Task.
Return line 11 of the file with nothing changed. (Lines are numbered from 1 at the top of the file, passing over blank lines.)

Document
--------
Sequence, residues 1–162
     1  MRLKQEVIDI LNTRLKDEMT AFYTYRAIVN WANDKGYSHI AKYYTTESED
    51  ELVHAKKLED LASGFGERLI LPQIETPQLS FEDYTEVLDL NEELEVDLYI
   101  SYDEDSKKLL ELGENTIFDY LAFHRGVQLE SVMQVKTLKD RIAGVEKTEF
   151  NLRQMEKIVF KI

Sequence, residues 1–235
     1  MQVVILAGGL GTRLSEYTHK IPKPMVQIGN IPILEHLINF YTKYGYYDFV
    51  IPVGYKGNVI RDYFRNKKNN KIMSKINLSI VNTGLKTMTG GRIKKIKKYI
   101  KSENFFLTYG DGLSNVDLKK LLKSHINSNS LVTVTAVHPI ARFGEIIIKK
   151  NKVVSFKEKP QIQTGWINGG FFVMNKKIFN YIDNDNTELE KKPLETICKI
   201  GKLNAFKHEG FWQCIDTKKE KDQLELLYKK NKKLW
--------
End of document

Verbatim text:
   201  GKLNAFKHEG FWQCIDTKKE KDQLELLYKK NKKLW